We Asked, You Answered: 10 Ways to Promote a Positive Work Culture

In a Managing@Duke survey, we asked how managers are helping promote a positive work culture during a time when remote and hybrid work have become the norm for many units. In true crowdsourcing fashion, we are sharing 10 of your creative and practical ideas to help you foster a positive work environment.

1. Create a “Water Cooler” channel for your department on Microsoft Teams.

Many departments have used Microsoft Teams to build online spaces for work and social engagement, which has been difficult to maintain when remote workers aren’t sharing stories over a morning coffee or lunch break on-site.

“As a managing director of multiple, mostly remote teams, I have worked to ensure that we have great ways to connect online,” wrote one manager. “We utilize Teams by curating channels that help us work collaboratively, share wins on our #shoutout channel, and share personal stuff on our #watercooler channel.”

2. Social check-ins with staff before Zoom/Teams meetings.

One manager noted recently that during the pandemic, the prevalence of remote work made “the workplace become more transactional and less relational between co-workers.” Even when meetings are virtual, build in time to focus on the important relationships within your unit that help foster a strong sense of community.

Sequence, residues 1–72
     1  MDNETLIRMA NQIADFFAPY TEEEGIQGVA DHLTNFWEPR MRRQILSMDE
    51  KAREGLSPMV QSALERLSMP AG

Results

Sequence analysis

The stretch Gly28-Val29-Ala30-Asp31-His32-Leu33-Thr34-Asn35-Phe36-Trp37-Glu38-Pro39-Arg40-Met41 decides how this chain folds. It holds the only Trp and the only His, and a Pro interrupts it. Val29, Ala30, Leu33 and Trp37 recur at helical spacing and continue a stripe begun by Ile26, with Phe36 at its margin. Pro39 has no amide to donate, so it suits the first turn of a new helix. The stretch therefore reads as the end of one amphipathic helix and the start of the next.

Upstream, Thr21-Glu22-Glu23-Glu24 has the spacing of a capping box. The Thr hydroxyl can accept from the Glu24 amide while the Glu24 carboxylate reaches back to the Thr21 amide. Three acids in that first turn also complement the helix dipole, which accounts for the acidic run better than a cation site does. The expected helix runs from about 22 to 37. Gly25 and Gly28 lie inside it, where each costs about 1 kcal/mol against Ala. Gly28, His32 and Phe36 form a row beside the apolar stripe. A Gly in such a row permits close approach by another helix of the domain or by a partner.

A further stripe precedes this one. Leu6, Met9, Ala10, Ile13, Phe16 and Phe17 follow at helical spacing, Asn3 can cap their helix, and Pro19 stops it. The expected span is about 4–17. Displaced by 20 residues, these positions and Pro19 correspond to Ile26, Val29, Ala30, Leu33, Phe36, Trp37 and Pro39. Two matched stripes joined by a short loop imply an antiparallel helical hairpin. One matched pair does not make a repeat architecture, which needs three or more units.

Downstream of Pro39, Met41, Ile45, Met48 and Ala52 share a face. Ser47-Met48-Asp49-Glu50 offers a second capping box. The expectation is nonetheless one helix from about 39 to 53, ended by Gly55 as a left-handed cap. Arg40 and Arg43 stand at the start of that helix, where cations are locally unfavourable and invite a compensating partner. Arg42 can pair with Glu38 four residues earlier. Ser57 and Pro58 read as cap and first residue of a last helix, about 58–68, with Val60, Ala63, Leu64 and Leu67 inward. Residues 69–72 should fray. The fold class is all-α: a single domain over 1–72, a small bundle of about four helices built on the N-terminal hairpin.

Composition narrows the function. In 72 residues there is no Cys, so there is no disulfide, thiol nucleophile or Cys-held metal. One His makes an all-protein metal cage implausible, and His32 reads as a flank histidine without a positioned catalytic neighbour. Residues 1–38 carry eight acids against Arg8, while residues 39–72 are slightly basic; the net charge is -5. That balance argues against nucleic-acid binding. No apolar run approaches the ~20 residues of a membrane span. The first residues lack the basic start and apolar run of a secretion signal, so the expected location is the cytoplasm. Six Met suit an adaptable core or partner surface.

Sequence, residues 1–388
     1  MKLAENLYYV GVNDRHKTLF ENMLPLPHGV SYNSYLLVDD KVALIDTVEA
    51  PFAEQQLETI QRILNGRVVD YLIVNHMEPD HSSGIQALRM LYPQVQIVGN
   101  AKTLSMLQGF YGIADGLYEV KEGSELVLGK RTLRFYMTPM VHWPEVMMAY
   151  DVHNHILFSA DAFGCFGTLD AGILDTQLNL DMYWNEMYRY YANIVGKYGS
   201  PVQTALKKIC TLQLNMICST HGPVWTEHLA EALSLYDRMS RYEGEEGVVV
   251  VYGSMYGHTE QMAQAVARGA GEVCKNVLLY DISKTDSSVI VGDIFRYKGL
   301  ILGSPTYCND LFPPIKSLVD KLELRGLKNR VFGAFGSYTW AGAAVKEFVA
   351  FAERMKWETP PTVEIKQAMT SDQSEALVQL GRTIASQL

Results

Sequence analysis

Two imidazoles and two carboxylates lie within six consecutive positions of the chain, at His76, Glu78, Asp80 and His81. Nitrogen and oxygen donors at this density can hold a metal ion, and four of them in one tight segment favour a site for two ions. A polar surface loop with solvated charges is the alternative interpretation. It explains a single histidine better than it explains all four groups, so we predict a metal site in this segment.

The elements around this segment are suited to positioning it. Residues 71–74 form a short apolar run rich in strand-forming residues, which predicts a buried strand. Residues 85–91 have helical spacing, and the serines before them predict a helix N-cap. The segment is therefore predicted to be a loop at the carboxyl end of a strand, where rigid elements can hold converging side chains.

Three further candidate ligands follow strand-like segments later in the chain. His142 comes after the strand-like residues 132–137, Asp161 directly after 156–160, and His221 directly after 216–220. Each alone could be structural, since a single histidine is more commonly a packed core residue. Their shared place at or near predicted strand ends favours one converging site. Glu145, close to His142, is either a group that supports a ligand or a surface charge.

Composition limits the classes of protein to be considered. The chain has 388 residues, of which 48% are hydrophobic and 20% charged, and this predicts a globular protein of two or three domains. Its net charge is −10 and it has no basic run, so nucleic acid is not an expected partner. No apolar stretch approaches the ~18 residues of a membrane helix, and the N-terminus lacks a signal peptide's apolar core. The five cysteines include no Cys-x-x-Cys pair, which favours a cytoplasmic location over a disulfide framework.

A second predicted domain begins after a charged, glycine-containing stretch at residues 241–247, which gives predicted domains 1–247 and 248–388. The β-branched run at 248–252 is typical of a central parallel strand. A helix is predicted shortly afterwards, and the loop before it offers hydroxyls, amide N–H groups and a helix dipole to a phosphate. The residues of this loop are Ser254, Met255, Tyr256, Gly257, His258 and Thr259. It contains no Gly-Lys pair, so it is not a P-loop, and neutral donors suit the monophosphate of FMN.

Your people want to know that you care about them as well as the work they are doing. As one manager responded, it can be as simple as incorporating “a few moments of friendly conversation/checking in at the beginning of a virtual meeting or email.”

3. Celebrate milestones, events and successes.

A lot changed during the pandemic – people not only found new and innovative ways to get work done, they also had babies, got married, picked up new hobbies, and adopted new pets.

Celebrate the innovations and accomplishments of individuals and teams. It is even more important when people are working remotely to know that they are contributing to something larger and are an important part of reaching your department’s goals. And also take time to celebrate personal milestones and significant events.

As one manager noted, “I've also started keeping track of birthdays and work anniversaries for my team, so I can send a note to each of them. A little personal appreciation can go a long way.”

4. Have hybrid workers come on-site during the same day of the week.

If you have individuals working a hybrid schedule, consider ensuring there is some overlap among people working on-site, if possible, to allow for more interactions and meetings in-person. Such opportunities allow for more community-building activities.

As one manager commented, “we’ve also been intentional about the time we spend together as a group - focusing on health, wellness, and community rather than work contributes positively to our productivity and sense of team. It's the background framework.”

5. Use break-out groups in Zoom meetings to allow more interaction among people.

Large virtual meetings can feel very impersonal with lots of squares but only a couple people talking or presenting. One manager suggested using the “Breakout Rooms” feature in Zoom to have people work together in smaller groups to discuss issues, brainstorm ideas, or respond to questions.